Review: ‘Stars Above’

Pic intercuts the stories of three generations of women who live in the same cottage in the Finnish countryside, to tedious effect.

Stolid drama “Stars Above” intercuts the separate stories of three generations of women who live in the same cottage in the Finnish countryside, to tedious effect. Although this femme-centered period pic from writer-helmer Saara Cantell (“Heartbeats”) reps a rare commodity in the current Finnish cinema, the wooden performances, static compositions and distractingly improbable costumes all signal a rapid transition to the smallscreen.

In 1942, Saima (Irina Bjorklund) is a spunky schoolteacher who keeps the household running smoothly while her husband is at the front. Her secret affair with a hunky one-armed soldier/astronomer (Leo Honkonen) results in daughter Tuulikki (Meri Nenonen), seen in 1978 as an addle-brained, back-to-the-farm feminist. Between trying to raise her own daughter sans hubby, dye and weave her own wool, and plant an organic garden, Tuulikki discovers she can’t do it all and enjoy free love, too. In a contempo strand, Tuulikki’s grown daughter Salla (Elin Petersdottir), a lesbian academic with attitude, returns to the cottage for peace and quiet, but rowdy neighbor Ville (Lauri Tanskanen) and his cooking skills prove a distraction. Craft package has an over-bright, made-for-TV look.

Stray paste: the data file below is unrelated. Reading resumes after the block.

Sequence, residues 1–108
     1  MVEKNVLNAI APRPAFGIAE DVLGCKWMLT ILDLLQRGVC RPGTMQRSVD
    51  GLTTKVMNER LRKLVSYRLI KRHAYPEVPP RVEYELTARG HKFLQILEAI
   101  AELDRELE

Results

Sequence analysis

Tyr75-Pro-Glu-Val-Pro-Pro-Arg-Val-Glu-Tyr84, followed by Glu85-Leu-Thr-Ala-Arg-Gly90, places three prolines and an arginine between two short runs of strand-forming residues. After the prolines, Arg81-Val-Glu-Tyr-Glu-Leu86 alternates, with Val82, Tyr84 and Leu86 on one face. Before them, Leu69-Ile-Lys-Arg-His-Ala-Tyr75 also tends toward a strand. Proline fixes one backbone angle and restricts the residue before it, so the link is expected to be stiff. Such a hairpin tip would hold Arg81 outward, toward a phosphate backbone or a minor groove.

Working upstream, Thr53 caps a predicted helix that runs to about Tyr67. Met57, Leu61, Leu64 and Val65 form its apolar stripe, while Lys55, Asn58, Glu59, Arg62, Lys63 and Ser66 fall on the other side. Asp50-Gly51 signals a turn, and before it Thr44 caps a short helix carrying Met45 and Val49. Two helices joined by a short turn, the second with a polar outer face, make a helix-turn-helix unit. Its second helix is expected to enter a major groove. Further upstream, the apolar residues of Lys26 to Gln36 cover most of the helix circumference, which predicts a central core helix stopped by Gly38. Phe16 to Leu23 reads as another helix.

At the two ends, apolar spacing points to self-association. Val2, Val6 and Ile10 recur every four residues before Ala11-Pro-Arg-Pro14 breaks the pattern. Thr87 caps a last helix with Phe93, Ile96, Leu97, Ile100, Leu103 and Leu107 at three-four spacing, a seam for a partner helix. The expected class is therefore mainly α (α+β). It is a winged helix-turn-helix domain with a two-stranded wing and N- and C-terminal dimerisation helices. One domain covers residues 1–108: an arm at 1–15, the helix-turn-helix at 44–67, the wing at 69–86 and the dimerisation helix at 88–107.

Stars Above

Finland-Iceland

Production

A Nordisk Film release of a Pystymetsa, Pegasus Pictures production with the support of the Finnish Film Foundation, YLE, Icelandic Film Center. (International sales: Finnish Film Foundation, Helsinki.) Produced by Outi Rousu, Ella Piesala. Co-producer, Snorri Thorisson. Directed, written by Saara Cantell.

Crew

Camera (color), Marita Hallfors; editor, Saevar Gudmundsson; music, Sid Hille; art director, Pirjo Rossi; costume designer, Auli Turtjainen. Reviewed at Gothenburg Film Festival (competing), Feb. 1, 2012. Running time: 95 MIN.

With

Irina Bjorklund, Meri Nenonen, Elin Petersdottir, Lauri Tanskanen, Leo Honkonen, Senja Makiaho. (Finnish, English dialogue)

Filed Under:

Want to read more articles like this one? SUBSCRIBE TO VARIETY TODAY.
Post A Comment 0

Leave a Reply

No Comments

Comments are moderated. They may be edited for clarity and reprinting in whole or in part in Variety publications.

Fill in your details below or click an icon to log in:

WordPress.com Logo

You are commenting using your WordPress.com account. Log Out / Change )

Twitter picture

You are commenting using your Twitter account. Log Out / Change )

Facebook photo

You are commenting using your Facebook account. Log Out / Change )

Google+ photo

You are commenting using your Google+ account. Log Out / Change )

Connecting to %s

More Film News from Variety

Loading